The Diario de Santa Maria newspaper published an article by Luiz Pohlmann, a member of the Regional Accounting Council. "If there is one activity in Brazil whose gains are exorbitant, it's banks and their bank workers," Pohlmann wrote. (Earlier this year, Banco do Brasil SA made national news when it reported a 2010 profit of 11.7 billion reais, up from the bank’s previous record profit of 10.1 billion reais in 2009.)
On his blog, radio presenter Cesar de Mello, from the Colinas station in Ibaiti, Parana, agreed.
"Brazilians have suffered to pay bills, pay off debts and withdraw money. The queues at ATMs are interminable," he railed. "It is a lack of respect for consumers. Okay, bank workers have rights, but the population doesn't?"
Commentator Joelmir Beting took a number of opportunities in his "Editorial" slot on the populist TV station Bandeirantes to criticize the postal workers' stoppage:
In this strike, the institution of the post office is losing public confidence. It's an essential public service that remains subject to a badly managed labor impasse ... Where is the government's crisis management? Where is the sense of urgency?
So what made the banks so much more successful than the postal workers?
In part, the public mood. Except for a scattering of small-scale protests, Brazil has yet to join the global anti-banking movement inspired by New York’s Occupy Wall Street. In a developing country, where rapid growth led by the private sector has only recently started erasing memories of a failing economy and spiraling inflation, the focus of public anger recently, blogs notwithstanding, has been less on banking and more on the government. Anti-corruption demonstrations, organized via social networks, have twice pulled more than 10,000 demonstrators in the capital, Brasilia.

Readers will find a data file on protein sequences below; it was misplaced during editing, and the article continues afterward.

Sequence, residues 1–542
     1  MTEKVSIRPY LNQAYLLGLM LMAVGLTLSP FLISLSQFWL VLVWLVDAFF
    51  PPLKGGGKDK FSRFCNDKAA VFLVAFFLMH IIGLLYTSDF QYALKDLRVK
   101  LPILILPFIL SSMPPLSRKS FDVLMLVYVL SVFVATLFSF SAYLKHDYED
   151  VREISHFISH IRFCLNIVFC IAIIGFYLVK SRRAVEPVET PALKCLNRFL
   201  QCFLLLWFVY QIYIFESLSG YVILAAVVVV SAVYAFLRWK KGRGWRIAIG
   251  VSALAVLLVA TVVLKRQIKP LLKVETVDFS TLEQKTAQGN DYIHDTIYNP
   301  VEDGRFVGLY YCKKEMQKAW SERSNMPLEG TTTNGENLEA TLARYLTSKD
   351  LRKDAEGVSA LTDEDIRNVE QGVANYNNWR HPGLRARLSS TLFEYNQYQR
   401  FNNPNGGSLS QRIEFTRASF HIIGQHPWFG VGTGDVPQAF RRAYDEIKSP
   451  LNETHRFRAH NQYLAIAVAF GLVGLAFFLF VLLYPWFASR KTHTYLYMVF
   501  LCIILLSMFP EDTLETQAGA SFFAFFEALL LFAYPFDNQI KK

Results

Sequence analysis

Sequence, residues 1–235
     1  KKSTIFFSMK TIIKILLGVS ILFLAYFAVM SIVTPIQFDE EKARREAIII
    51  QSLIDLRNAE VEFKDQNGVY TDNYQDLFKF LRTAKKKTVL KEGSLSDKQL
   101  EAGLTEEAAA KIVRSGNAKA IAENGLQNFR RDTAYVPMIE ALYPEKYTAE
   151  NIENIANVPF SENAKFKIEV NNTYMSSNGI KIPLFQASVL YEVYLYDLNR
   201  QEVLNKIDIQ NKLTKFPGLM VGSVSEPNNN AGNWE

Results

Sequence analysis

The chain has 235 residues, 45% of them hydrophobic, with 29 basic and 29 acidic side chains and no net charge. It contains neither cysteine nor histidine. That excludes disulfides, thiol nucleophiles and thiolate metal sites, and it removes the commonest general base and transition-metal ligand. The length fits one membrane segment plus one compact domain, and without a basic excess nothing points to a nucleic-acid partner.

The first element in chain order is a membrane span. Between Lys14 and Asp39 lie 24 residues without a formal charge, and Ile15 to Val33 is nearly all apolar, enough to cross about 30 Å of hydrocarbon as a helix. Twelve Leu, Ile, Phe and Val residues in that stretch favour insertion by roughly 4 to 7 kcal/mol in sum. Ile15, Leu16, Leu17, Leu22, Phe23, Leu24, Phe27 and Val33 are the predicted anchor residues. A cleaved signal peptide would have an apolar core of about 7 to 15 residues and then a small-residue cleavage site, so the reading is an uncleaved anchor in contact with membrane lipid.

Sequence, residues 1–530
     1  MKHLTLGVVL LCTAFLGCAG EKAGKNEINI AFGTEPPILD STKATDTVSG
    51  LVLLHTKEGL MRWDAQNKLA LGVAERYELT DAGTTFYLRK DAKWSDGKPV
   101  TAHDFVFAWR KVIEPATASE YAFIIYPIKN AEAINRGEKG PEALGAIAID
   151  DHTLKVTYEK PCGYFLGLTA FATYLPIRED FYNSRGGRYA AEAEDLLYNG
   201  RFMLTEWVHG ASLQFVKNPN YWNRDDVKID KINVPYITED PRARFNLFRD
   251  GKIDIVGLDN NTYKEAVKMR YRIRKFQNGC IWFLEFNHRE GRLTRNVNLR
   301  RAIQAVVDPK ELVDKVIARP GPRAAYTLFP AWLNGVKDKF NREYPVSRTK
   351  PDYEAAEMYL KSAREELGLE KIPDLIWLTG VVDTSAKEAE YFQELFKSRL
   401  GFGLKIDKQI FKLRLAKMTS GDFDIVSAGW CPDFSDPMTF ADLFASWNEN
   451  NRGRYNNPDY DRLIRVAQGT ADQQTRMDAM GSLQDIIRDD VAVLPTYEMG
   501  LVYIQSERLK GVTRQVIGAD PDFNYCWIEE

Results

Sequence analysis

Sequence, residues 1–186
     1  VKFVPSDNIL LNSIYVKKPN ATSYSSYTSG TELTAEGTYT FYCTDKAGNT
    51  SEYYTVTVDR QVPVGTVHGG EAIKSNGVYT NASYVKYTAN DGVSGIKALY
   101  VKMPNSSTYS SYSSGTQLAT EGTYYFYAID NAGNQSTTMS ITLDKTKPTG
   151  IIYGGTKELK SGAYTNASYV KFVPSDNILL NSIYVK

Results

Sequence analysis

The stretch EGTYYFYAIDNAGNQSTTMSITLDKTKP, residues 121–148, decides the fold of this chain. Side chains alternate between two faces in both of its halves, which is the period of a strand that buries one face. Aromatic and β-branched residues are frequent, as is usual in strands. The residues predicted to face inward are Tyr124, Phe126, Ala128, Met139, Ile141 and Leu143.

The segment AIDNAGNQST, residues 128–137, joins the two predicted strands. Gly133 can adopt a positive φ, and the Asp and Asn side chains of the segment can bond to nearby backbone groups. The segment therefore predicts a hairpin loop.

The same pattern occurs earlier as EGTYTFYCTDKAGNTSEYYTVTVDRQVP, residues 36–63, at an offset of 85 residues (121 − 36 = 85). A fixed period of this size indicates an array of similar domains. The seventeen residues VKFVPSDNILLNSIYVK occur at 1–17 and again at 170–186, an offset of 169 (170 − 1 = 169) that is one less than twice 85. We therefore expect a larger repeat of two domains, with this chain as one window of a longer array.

Perhaps more important, the two unions simply had different bargaining powers. The old-style left-wing post-office union failed to get what it wanted because it fought an ineffective media campaign -- at one point even apologizing to the public for the inconvenience -- and because the government wants to cut public spending. In contrast, the bank workers' union came out fighting, covering city centers and banks with stickers, placards and advertising, and presenting their case efficiently and professionally.
Juvandia Moreira, the banker's union president, knew exactly how to focus her campaign. On Oct 11., the union published a press release saying it wanted a meeting with President Dilma Rousseff and Bank Federation President Murilo Portugal. Presented like a news story, it read:
"We are going to take to President Dilma a report with numbers that show that it is perfectly possible for the banks to increase salaries and improve work conditions and client service," affirms Juvandia. "The banks earn a lot in Brazil and owe society. The strike began and extended itself because the most lucrative sector in the country refuses to value its workers."
It was the argument that won the day.
(Dom Phillips is the Sao Paulo correspondent for World View. The opinions expressed are his own.)